My G.P. prescribed a once-off dose of prophylactic doxycycline to hopefully head-off Lyme disease, but oh dear! Two days later, I found yet another one embedded in my skin. Apparently the antibiotic is in my system for 72 hours, so another dose shouldn't be necessary. Just got to watch and monitor the bite site and symptoms. 

It's the price I pay for spending time on land and not on the water in my kayak!

Thursday, September 15, 2022

Zucchini Monster

Our friends dropped off an enormous zucchini that had been growing undetected amidst all the other vegetables in their garden. 

It weighed 9.4lbs! Here I am, cradling my new baby.

I've made a start on using it, but still have a substantial portion left. I sliced and braised it, then added cheese, which obviously (and intentionally) melted. Quite yummy. The skin seemed tougher than regular-sized zucchinis, a little closer to eggplant than I'd have expected. The seeds were larger and tougher, too. I scooped them out as one would with butternut or acorn squash.

I think Zucchini bread is next, and maybe a curry or casserole will benefit from the nutritious and non-carb thickening this vegetable/fruit will provide.

Wednesday, September 14, 2022

Boardwalk Snowflakes

I found this beautiful, snowflake-y fungus growing on a damp part of our boardwalk whilst I was hanging my laundry. The only info I could get on this was that it is mycelium, from which mushrooms grow and fruit. Without the fruiting body, it's not possible to tell which it is. Well, I admired its structure and beauty anyway!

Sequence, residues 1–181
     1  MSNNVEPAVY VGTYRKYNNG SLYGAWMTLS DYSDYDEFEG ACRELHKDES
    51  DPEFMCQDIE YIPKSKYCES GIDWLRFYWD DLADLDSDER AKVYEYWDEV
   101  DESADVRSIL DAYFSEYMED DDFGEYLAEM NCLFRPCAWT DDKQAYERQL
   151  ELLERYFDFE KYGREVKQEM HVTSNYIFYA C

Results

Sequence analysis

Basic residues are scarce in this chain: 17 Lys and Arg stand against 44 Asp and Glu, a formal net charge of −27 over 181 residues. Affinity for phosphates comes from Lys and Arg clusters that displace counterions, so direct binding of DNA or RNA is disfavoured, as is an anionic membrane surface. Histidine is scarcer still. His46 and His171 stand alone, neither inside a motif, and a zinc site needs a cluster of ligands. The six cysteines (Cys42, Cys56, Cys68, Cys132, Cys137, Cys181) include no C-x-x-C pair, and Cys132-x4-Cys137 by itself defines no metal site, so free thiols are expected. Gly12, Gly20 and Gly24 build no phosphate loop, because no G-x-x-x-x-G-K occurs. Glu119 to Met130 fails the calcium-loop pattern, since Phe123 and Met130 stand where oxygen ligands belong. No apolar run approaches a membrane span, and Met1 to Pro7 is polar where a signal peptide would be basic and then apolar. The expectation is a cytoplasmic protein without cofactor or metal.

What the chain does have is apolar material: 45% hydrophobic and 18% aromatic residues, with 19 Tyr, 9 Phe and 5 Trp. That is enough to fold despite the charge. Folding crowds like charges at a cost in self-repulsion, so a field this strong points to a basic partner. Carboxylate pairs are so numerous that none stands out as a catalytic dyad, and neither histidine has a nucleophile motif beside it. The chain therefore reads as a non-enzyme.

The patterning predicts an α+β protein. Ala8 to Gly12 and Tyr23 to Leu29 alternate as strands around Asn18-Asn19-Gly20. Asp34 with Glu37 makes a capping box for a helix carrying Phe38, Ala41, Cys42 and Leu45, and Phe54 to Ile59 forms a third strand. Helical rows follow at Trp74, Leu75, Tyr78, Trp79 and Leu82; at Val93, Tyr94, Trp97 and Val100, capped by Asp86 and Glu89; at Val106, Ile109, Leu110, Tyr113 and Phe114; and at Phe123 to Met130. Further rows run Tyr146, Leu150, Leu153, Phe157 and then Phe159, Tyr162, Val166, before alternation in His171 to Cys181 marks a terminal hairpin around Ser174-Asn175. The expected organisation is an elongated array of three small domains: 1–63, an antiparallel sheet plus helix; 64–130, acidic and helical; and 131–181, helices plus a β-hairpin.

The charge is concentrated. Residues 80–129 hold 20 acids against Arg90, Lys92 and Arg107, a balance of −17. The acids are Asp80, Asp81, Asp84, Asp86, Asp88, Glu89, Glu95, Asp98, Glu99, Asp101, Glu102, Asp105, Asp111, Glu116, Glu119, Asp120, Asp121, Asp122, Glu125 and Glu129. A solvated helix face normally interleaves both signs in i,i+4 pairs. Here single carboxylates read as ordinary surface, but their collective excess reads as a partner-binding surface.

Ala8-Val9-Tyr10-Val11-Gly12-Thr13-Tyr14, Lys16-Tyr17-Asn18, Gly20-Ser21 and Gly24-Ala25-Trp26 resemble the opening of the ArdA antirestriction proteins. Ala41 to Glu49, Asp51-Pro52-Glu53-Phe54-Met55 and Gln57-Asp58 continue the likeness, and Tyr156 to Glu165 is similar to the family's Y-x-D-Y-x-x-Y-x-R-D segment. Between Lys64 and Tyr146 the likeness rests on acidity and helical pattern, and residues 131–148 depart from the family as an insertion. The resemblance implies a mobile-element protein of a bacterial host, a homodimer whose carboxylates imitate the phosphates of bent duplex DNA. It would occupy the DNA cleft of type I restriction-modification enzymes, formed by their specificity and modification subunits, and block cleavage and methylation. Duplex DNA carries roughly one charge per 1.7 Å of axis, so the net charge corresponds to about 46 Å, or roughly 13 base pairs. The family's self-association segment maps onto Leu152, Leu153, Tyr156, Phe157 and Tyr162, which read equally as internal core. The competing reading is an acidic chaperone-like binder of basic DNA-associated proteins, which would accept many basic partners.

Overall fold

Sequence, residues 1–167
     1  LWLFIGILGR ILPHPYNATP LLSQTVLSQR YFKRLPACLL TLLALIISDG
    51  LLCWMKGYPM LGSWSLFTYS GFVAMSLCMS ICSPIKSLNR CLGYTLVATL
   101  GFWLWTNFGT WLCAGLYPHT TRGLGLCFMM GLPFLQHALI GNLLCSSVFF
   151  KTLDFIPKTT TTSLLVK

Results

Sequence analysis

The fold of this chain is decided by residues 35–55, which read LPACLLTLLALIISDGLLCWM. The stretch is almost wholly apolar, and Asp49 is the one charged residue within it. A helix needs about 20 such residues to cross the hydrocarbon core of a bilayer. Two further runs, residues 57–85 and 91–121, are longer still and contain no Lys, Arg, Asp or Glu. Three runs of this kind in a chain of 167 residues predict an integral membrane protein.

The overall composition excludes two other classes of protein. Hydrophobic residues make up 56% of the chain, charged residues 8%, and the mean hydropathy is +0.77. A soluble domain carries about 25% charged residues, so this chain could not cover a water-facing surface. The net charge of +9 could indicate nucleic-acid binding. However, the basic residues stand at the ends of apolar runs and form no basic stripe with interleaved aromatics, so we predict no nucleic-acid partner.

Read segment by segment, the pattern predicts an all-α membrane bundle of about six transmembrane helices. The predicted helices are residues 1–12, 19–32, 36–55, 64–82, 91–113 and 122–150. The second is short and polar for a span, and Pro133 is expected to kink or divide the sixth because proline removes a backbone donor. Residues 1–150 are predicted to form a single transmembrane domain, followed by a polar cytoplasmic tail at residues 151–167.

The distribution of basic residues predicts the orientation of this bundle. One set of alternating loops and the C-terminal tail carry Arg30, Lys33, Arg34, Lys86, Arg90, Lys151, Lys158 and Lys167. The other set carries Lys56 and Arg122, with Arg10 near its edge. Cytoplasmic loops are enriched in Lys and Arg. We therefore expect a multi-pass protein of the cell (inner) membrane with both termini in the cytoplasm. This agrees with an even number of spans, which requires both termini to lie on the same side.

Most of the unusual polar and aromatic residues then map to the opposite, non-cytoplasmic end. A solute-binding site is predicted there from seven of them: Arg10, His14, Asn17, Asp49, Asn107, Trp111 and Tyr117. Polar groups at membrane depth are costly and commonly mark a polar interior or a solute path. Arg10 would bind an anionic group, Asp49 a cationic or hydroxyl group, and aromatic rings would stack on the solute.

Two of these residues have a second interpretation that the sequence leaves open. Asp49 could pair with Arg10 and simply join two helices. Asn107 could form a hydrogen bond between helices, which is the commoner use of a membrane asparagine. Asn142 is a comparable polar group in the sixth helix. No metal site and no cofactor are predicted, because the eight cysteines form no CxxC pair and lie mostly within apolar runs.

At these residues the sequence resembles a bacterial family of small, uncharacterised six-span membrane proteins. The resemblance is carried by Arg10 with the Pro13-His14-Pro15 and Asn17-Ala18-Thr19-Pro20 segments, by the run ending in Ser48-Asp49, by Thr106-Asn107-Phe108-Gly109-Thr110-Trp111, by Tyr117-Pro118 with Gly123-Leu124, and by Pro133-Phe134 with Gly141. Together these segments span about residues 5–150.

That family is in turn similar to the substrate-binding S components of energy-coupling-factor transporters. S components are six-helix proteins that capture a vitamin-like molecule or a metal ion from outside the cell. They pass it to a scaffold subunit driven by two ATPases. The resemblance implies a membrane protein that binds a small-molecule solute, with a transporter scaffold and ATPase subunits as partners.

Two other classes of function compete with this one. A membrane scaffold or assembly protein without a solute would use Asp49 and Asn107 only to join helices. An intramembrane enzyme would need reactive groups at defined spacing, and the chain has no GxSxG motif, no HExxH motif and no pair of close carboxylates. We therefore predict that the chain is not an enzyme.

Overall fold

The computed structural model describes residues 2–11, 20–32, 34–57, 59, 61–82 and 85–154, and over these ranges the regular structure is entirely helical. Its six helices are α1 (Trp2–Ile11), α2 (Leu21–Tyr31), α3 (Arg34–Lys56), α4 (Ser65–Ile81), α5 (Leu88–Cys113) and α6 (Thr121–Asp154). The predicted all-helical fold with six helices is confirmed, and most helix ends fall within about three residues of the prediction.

Tuesday, September 13, 2022

Webs of Delight

Early morning dew,
Strung on loose gossamer threads - 
Captivating sight!

Monday, September 12, 2022

Spectacular Mushrooms

I only just noticed these eye-catching mushrooms beside my car in a parking area at one of our community beaches. I was passing the time as I waited to meet a friend, and thought I'd pick up the small bits of litter lying here and there beside the car - bottle caps, plastic tops, and tear-off strips to while away the time. I was rewarded by this fantastic display as I started focusing on the ground:

They're so gaudy! They look as if they're made of colored wax, or a piece of orange Gouda cheese with its bright red, waxy coating. These are called Amanita jacksonii, (the American Slender Caesar mushroom) and are a native to our woodlands.

They start off completely enclosed in the white base, which resembles a rounded egg appearing from the earth. The orange and red inner parts tear the egg open as it ascends and opens up, leaving behind the white base, known as the  - wait for it - .... volva!

You can see a small mound of earth pushed aside as this one emerged

Over a few days the rounded caps spread and open outward like an umbrella. Up close, there are striations on the red cap, and a lovely texture on the orange stalk.


Sunday, September 11, 2022

Perfect Outline

 A perfect sensitive fern leaf outlined by droplets after a perfect storm

Stop and count the raindrops!